Prisoner of the Drug War Voices



For all the times . . .

By Gary Cates, Prisoner of the Drug War

For all the times I missed,
a Christmas or a birthday gift.
For all the times you felt let down,
when I just couldn't be around.
For all the times I couldn't call,
or take you and friends to the mall.
For all the times I couldn't write,
or wasn't there for a kiss good night.
For all the times you cried,
I wasn't there when your puppy died.
For all the times you needed to talk,
or maybe just go for a walk.
For all the times I wasn't there,
and when you thought I didn't care;
To compliment you on your grades,
or things in school that you made;
To say good-bye as you left for school,
thinking that your dad was cool;
To take you to the park to play,
to be with you every day;
To teach you to play a guitar,
or help you tinker on your car;
To laugh and play and win,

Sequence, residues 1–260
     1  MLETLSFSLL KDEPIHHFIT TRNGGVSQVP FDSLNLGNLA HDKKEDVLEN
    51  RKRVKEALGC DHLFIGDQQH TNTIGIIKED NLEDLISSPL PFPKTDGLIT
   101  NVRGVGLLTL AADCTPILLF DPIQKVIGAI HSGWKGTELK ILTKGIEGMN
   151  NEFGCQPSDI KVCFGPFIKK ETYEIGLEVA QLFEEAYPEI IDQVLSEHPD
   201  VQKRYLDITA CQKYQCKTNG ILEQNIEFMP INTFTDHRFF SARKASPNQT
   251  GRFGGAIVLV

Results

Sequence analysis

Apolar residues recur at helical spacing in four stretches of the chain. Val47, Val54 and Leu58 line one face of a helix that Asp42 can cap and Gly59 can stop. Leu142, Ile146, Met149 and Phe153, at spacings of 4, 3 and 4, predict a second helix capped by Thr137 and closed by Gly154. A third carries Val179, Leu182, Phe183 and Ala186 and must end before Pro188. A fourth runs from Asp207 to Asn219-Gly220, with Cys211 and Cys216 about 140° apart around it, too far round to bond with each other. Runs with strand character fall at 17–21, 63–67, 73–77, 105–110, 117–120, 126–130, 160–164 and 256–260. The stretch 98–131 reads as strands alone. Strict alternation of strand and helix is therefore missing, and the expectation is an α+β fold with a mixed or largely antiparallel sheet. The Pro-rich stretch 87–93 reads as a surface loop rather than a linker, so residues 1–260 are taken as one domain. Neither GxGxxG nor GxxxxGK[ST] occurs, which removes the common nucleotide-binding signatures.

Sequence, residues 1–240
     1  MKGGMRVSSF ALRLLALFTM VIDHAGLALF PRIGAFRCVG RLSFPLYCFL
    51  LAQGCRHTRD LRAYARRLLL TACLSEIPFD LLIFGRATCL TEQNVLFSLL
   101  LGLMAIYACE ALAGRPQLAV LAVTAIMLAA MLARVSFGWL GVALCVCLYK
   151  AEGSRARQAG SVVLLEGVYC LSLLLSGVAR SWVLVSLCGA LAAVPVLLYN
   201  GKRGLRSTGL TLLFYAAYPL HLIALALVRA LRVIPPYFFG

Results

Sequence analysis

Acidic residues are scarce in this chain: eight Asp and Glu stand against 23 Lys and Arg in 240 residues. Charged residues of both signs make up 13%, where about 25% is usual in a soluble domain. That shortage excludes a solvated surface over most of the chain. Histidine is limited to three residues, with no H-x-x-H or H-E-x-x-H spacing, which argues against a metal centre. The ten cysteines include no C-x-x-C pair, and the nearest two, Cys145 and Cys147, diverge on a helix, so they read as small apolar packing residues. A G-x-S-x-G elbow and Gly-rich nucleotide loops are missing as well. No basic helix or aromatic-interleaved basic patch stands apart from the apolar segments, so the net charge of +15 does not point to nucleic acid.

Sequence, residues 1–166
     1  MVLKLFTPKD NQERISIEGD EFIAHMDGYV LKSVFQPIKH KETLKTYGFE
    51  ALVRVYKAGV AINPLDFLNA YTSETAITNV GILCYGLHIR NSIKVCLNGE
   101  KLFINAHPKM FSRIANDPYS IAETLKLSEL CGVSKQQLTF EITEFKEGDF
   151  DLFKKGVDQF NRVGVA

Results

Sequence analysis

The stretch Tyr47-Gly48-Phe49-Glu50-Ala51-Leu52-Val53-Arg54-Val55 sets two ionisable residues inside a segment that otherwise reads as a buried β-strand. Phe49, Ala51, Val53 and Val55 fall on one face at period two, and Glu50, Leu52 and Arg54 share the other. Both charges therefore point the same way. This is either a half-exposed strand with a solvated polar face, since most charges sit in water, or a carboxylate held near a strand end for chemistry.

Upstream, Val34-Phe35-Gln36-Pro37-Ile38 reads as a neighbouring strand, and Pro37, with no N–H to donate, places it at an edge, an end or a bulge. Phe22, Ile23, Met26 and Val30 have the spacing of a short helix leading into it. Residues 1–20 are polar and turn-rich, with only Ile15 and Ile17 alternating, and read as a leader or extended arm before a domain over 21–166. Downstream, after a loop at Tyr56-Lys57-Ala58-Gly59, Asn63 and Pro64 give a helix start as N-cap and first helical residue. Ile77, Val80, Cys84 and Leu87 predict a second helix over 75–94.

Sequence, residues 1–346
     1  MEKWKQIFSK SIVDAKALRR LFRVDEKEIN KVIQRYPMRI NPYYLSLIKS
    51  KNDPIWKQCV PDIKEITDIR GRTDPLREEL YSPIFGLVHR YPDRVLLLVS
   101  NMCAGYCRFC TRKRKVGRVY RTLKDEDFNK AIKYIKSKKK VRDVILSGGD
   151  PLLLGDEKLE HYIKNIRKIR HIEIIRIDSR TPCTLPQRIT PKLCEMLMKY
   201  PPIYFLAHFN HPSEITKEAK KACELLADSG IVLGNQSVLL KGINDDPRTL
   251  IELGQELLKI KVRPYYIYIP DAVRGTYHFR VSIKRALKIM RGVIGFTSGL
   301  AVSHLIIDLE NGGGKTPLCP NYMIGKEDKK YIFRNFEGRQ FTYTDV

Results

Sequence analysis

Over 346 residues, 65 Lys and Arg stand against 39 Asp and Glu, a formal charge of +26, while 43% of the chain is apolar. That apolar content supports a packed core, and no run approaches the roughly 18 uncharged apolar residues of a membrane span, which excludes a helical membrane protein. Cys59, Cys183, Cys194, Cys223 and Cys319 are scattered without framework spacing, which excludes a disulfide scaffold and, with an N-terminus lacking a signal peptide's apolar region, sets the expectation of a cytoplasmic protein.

or lose and come back to play again.
For all the promises not kept,
for all the times I knew you wept;
For all the times we missed,
for all the times you needed a kiss.
You had to grow up all alone,
I tried to raise you on the phone.
And now for the time you needed me most,
when you started using dope.
I wasn't there to talk you down,
or pick up your body off the ground.
I wasn't there to even weep,
or pray to God your soul to keep.
I wasn't there to say good-bye;
I just sat in my prison cell and cried.
All for a crime I never knew,
would take me away from you.
All for a crime I couldn't see,
would take you away from me.

Good-bye, my son.
Walker Cates, June 6, 1979 ­ May 12, 1997



The Sound

By Mary Ames, Prisoner of the Drug War

Do you know the sound of heartbreak?
A mother's and a son's?
It's a sound so much worse than the cry
Of a war that wasn't won.
Or the sound of a deer, being shot with a gun.
It's a cold and empty sound,
As silent as a grave below the ground.
It's in every prison across the land,
A sound never heard by any man,
Unless he's the son who can't reach out,
And touch his mother's hand.
A sound never heard by any woman,
Unless she's the mother who knows it will be years,
Before they can be with one another . . .


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